Who Needs to Change

by Mike Goeke

In my 13 years of doing ministry to those impacted by same-sex attraction, I have received the most contacts from parents of gay or struggling kids. In fact, this reality is what prompted us to start a weekend conference for parents. There are many struggling parents anxious for answers, support and encouragement.

In many ways, the parents I have met and/or to whom I have ministered have been the source of my greatest inspiration. I have seen worlds shattered and, in some cases, sad circumstances that never change. I have seen some parents whose kids beautifully surrender their sexuality and their lives back to the Lord and some parents whose kids only move deeper and deeper into a life defined by their sexuality. But what has inspired me the most are the parents who, no matter the change in their circumstances, submit their OWN lives to the Lord for change. And the joy and transformation that I have witnessed has been a great source of inspiration and encouragement for both Stephanie and me.

I will not profess to understand how God works or how He thinks or why things sometimes happen like they do. I trust the prophet Isaiah who reminds us that God’s ways are not our ways, and His thoughts are not our thoughts. Yet while I may not understand everything, I do understand what I have seen in the lives of these parents. The sad and sometimes tragic life courses taken by their children are often the catalyst for great, and needed, redirection in the course of their own lives.

Stephanie and I have to acknowledge that I was wrong when I left her to pursue homosexuality, that I sinfully broke my wedding vows to her, that my homosexual behavior was outside of God’s design for sexuality, and that my decisions caused much pain and heartache. Yet we also cannot deny that all the trauma was used by God to deeply transform both of us into more than religious Christians. It opened the door to true, deep relationship with Christ and it opened the door to a true and deep relationship with each other. We would not trade all that we went through because of the redeemed life we experience today.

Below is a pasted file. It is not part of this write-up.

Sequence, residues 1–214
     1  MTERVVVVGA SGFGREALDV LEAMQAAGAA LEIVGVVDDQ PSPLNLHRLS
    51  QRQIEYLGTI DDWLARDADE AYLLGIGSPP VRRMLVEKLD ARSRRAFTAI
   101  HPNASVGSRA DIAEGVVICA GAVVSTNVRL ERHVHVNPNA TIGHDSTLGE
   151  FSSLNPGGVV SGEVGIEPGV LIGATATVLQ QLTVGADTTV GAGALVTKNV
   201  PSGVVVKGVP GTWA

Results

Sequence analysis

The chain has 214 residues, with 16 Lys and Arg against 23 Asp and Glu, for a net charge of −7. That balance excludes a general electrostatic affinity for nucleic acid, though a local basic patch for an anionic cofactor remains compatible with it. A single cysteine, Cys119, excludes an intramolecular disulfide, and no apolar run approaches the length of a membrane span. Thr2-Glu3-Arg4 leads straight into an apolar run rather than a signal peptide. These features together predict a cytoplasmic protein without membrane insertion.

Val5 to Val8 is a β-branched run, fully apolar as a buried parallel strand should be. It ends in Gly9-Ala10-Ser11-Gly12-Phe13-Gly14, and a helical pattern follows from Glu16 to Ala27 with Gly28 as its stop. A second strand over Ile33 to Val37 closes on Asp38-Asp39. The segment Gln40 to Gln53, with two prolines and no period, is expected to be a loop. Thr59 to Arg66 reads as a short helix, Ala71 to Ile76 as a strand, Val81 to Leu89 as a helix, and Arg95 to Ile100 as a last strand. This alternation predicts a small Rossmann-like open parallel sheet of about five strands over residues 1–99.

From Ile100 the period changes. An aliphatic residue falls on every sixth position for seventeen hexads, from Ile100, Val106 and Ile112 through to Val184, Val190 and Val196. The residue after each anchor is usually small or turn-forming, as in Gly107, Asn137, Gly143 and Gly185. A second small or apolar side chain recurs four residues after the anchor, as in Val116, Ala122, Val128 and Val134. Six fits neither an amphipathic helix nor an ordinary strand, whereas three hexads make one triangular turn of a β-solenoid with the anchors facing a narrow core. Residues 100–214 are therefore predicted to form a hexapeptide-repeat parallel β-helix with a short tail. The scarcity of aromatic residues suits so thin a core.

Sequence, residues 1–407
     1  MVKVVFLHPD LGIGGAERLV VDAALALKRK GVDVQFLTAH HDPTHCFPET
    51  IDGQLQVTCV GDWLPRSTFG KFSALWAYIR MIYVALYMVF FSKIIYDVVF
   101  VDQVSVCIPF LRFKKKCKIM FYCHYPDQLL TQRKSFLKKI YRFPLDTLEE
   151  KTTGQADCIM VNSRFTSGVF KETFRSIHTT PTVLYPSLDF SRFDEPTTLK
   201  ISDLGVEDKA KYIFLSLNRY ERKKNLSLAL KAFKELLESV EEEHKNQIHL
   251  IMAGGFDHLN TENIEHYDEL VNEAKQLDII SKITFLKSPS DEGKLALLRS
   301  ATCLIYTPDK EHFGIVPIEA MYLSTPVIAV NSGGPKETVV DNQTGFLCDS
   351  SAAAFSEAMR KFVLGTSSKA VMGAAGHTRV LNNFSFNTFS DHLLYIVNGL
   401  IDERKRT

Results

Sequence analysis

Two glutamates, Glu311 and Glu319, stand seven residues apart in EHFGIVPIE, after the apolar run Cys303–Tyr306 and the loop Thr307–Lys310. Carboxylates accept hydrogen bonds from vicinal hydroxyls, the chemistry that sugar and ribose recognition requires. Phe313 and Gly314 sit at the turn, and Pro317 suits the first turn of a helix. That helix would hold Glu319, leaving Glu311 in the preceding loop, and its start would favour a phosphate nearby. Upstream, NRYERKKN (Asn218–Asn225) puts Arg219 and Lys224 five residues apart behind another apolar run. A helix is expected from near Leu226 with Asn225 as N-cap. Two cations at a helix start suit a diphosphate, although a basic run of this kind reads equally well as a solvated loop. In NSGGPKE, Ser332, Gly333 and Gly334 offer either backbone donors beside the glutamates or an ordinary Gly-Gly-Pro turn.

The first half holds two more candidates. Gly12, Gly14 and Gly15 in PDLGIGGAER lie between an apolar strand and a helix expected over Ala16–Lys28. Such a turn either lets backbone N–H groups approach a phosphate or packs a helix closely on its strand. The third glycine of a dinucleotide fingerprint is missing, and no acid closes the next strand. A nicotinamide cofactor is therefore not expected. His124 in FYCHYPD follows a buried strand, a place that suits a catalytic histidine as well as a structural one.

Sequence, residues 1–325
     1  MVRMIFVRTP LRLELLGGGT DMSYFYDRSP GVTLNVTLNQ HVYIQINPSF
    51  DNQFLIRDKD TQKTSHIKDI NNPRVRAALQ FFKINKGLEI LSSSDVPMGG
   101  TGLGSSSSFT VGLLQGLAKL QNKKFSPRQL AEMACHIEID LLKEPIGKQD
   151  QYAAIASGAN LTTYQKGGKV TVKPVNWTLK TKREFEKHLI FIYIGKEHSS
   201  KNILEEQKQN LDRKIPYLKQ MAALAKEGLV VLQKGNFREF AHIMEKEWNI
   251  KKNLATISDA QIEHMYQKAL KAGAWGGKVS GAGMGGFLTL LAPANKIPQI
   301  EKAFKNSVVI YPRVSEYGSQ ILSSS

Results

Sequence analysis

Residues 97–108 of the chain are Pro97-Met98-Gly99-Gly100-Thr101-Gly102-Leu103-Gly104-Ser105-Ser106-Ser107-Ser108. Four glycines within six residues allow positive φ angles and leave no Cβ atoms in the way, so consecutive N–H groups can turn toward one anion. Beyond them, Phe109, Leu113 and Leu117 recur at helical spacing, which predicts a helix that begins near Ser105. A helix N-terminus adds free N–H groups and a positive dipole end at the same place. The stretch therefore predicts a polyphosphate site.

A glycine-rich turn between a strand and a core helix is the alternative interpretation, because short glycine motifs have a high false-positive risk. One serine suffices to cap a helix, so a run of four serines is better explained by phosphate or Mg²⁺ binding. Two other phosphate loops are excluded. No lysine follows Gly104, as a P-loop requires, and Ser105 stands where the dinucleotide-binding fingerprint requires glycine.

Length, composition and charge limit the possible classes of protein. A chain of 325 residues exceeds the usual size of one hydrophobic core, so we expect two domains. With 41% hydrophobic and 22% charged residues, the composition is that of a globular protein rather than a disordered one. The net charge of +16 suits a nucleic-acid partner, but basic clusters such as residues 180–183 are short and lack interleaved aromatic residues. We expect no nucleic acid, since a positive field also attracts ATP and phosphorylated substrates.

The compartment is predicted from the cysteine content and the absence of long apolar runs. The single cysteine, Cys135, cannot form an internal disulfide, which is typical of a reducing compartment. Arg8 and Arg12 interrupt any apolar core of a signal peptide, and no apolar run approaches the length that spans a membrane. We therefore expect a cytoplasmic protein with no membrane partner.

Stephanie made a decision early in our separation that I often challenge parents to make, as well. She decided to stop trying to figure out how to get me home, and realized that whether I came home or not, God needed to prepare her heart and do a work in her. Her focus moved from her circumstances to God and the state of her own heart. When parents realize this, something changes. Control and manipulation and fear no longer dominate thoughts and decisions. Instead, faith, hope and love dominate thoughts and decisions. They often realize that they thought everything was about their child, but maybe, in actuality, everything was really about them and what God wanted to do in their own brokenness and sin.

As parents of young children, we know that nothing we do can guarantee that our kids will or will not turn out to be or do what we hope. We do not control their lives. We know that we can only do what God calls us to do, and that He holds their lives in His hands. We rest in the truth that He loves them more than we do. Our job, as we see it, is two-fold. It is to point them to Jesus and to daily surrender our own lives to Jesus as we seek to parent rightly. Our hope, as we minister to parents, is to help them find hope in the only place that hope is found – in Jesus. As they decide to point their kids (even their adult, wayward kids) to Jesus and to daily surrender their own lives to Jesus, hope will rise. And they may well discover that the change that God desired was in them.